Have you ever tried a cycling class based on watt output?

When the going gets tough in a fitness class or on a run, what do you tell yourself to keep going? My mantra in workouts and races is “Grind it out.”

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05-05-2015

5 Ways Spinning Can Help Your Running

I recently bought a Groupon for a spin studio in my area and really enjoyed it. It is super challenging for me, and each workout I never think I will make it the full hour. Before I signed up, I had been doing research on ways spinning can help your running. I wanted to learn more about the benefits and how it would translate to stronger running. Turns out there are many ways it does! 

5 Ways Spinning Can Make You A Better Runner

Builds both your aerobic and anaerobic endurance.

A spin class is a mix of easy portions and challenging portions. You might have a series of hill climbs, flat sprints and recovery sections. Because of this, spinning works both your fast-twitch muscles and slow-twitch muscles. Fast-twitch muscles are used during speed or hill intervals, and slow-twitch muscles are more endurance based (which will obviously help if you’re training for a marathon). No matter what distance you’re training for, spinning can help you get stronger and faster.

Non-impact.

We all know spinning is a great form of cross training for runners. It’s a similar movement as running, and obviously works your lower body. If you’re injured or just want something more low impact on a certain day, spinning is the day to go. When I couldn’t run for 3 weeks before the NYC Marathon in 2013, I did all of my “workouts” on the spin bike, and even completed “track” workouts on there too. I would suggest mixing up your cycling workout with seated and standing intervals in order to work different muscles.

Helps with cadence.

You’ve heard how you’re supposed to run at 180 steps per minute, right? Well, apparently, spinning can help imrove your cadence and increase turnover. A higher cadence on the bike translates to a higher running cadence. I believe it, because in my spin classes recently we’d be biking at 80-90 RPMs and it was killer! Apparently that translates to around a 7-8 minute mile. So the premise here then is that if you go to spin classes and are consistently in that higher range, it might help your speed and turnover (feet moving faster) which is obviously key in a big race!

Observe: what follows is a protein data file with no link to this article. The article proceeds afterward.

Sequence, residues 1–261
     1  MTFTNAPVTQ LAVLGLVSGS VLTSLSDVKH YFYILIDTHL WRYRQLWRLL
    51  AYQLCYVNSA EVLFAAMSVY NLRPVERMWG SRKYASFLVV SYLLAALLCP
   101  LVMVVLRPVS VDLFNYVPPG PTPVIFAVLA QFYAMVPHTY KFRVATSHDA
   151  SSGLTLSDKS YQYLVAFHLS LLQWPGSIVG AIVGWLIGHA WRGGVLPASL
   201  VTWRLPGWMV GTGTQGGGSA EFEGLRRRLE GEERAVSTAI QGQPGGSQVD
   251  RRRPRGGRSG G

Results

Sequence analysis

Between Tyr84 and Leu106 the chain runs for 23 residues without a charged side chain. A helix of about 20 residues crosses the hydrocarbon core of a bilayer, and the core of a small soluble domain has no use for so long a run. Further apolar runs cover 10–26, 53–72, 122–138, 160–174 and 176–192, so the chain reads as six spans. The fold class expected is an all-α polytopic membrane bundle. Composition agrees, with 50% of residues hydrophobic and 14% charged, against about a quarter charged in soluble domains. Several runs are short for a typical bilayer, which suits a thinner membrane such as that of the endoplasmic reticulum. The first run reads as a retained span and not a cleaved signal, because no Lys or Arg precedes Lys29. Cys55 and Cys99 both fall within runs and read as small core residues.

You have control.

Since you’re indoors, you don’t have to worry about cars or other road safety hazards. You can fully immerse yourself in your workout. Also, you can give it 100% for the same reason. You can go all out in a sprinting portion without worrying about flying off the handlebars or crashing. On the flip side, you can control your resistance, and make the workout as challenging as you want it to be. I love being able to control resistance, especially on hill climbs, because if I were riding outside I would definitely be the person walking their bike up a hill :)

Increase your weekly miles.

If you’re like me and trying to increase your weekly miles, spinning might be the way to go. If you’re already running most days of the week, doing a morning or evenining spin class is a great way to add in more “miles” without the pounding of a second run of the day. It obviously counts as cross-training, and you’re getting the cardiovascular benefit which will help in your running. This is also a great option for those who are more injury prone as they add more weekly miles. I know plenty of runners who do count cross-training as miles (i.e. – a 60 minute spin class is equivalent to about 6 miles). 

I really do enjoy spin class, but like I said in my post yesterday, I need to work on balance as I get into my marathon training. I want to be able to at least do a spin class or yoga class once a week, which might require two workouts in one day…we’ll see.

Do you take spin classes? If you run most days of the week, how do you balance it with your training?